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Electric Vehicles

Technology, Transport — December 2020

Decarbonisation requires fewer cars and can't be achieved just by electrifying current numbers of vehicles. So we need to electrify public transport, freight, services, car club vehicles and taxis, and provide for individual car ownership where alternatives are impossible, but otherwise we need to drastically reduce the number of private motor vehicles.

A 2019 Parliamentary report "Technologies for meeting the UK's emissions reduction targets"

"In the long-term, widespread personal vehicle ownership does not appear to be compatible with significant decarbonisation. The Government should not aim to achieve emissions reductions simply by replacing existing vehicles with lower-emissions versions."


A report from the Low Carbon Vehicle Partnership found that:

"a typical medium sized family car will create around 24 tonnes of CO2 during its life cycle, while an electric vehicle (EV) will produce around 18 tonnes over its life. For a battery EV, 46% of its total carbon footprint is generated at the factory, before it has travelled a single mile."

The carbon emissions of vehicle manufacturing will reduce as the broader economy decarbonises (Australia will eventually start decarbonising iron ore mining, for example), but this is going to be a slow, steady process, and the problems with sustainability are broader. Manufacturing multi-ton vehicles is resource intensive and it seems unlikely that will ever change.

And global equity considerations make it even clearer that anything approaching one motor vehicle per household is unsustainable. The UK has roughly one private motor vehicle for every two people; the world as a whole one for every nine people. Are we going to demand more than our share of the world's resources here, or do we envisage the manufacture of three billion new vehicles?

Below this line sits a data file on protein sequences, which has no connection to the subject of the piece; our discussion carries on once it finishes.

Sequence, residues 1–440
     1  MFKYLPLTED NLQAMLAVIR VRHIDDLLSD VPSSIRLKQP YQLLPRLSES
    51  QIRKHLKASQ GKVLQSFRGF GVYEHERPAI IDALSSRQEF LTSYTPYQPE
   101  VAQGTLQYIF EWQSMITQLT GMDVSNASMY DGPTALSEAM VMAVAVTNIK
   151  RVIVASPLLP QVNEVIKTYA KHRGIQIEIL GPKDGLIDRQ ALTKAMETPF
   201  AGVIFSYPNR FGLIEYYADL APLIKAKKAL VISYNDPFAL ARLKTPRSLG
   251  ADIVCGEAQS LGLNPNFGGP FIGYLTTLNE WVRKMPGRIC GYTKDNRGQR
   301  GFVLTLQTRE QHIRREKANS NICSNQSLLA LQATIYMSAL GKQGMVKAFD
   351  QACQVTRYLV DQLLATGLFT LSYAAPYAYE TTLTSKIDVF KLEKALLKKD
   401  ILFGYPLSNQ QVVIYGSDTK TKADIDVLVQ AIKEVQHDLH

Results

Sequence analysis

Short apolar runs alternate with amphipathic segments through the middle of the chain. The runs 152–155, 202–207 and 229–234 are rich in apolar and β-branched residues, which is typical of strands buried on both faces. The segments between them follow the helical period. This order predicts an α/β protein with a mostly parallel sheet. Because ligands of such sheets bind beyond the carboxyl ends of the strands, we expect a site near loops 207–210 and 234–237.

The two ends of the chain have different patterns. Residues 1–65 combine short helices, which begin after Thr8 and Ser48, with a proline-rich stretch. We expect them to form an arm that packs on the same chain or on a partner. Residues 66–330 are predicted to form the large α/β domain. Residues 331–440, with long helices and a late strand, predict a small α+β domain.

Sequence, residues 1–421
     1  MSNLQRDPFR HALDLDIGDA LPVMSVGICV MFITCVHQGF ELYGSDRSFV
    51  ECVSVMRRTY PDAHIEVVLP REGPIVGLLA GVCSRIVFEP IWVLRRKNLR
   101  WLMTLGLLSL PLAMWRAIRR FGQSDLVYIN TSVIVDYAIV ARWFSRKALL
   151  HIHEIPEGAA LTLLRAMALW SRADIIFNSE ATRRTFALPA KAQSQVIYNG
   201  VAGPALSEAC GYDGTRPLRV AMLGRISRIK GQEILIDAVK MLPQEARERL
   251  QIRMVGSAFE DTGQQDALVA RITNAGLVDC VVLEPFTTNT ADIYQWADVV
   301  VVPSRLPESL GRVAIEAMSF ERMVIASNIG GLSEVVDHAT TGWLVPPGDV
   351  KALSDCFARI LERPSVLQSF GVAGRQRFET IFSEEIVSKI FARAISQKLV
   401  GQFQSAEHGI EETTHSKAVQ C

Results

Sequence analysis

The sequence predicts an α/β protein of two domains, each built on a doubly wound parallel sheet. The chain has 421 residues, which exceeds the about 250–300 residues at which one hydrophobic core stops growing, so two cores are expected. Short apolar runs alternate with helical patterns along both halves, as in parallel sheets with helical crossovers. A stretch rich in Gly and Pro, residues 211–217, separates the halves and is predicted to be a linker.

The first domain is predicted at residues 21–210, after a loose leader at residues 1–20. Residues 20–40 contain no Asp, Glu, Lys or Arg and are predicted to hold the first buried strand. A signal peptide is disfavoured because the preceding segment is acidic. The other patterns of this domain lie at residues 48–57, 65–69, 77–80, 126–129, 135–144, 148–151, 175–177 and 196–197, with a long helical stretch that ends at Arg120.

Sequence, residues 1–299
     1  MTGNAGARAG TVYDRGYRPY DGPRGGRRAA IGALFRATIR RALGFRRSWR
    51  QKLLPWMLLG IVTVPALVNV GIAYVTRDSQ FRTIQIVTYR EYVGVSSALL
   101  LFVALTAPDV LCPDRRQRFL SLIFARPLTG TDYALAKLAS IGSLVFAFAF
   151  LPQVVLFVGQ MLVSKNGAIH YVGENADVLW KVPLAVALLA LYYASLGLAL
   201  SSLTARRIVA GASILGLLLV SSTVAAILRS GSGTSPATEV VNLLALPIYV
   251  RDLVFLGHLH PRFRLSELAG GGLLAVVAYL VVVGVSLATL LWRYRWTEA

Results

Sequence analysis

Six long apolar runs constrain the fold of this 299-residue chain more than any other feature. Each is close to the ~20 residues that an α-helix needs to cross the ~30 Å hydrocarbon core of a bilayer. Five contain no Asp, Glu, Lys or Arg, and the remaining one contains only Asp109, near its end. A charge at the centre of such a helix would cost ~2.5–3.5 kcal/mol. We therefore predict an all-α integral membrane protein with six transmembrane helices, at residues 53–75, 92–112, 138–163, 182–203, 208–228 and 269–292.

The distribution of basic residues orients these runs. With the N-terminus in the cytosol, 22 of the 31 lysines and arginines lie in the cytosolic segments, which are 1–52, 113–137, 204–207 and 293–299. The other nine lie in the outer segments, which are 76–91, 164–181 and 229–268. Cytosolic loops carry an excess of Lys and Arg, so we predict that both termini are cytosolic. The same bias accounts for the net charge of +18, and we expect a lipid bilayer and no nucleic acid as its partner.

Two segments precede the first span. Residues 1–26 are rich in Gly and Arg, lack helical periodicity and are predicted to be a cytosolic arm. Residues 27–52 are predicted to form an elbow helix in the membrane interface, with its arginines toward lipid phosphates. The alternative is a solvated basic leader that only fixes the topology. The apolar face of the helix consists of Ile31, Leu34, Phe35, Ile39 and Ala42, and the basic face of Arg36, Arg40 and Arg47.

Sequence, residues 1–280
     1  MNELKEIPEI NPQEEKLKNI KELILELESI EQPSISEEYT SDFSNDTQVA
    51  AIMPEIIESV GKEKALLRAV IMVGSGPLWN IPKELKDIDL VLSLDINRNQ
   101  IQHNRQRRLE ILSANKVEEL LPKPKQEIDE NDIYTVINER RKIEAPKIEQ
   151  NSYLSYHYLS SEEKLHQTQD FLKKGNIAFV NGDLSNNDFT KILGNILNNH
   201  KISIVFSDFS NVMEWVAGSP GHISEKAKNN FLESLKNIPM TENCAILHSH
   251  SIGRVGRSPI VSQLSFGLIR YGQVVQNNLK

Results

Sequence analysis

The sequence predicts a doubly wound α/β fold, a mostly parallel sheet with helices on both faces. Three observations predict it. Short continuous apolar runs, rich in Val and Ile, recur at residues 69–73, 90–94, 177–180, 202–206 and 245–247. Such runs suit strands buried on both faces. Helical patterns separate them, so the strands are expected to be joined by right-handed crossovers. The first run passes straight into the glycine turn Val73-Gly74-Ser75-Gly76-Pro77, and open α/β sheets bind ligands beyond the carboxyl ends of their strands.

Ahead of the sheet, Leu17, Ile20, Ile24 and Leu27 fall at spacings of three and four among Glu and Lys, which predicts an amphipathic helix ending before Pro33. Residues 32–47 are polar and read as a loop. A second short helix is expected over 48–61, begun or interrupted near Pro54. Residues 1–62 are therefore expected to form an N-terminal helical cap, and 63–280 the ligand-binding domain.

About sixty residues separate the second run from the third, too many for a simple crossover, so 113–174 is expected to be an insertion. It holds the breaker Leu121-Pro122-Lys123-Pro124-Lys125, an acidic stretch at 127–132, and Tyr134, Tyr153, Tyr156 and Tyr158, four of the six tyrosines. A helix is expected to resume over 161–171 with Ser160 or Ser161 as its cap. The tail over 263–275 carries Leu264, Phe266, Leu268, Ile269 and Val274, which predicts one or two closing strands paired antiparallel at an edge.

What are the implications of this?

Families who have already managed to limit their car use to occasional trips, and who mostly use public transport or walk or cycle, absolutely should not be buying electric vehicles. They should be keeping their old cars going as long as possible, until they can give up owning a car and switch to using car clubs, taxis, and hire cars instead.

And governments, national and local, should focus on reducing car use rather than electrifying private vehicles. Getting one vehicle off the roads - and one fewer vehicle manufactured - is the equivalent of electrifying several. Electrification efforts should be concentrated on taxis, car clubs, buses, service and freight vehicles, and so forth.

See also: "The Solution is the Problem"

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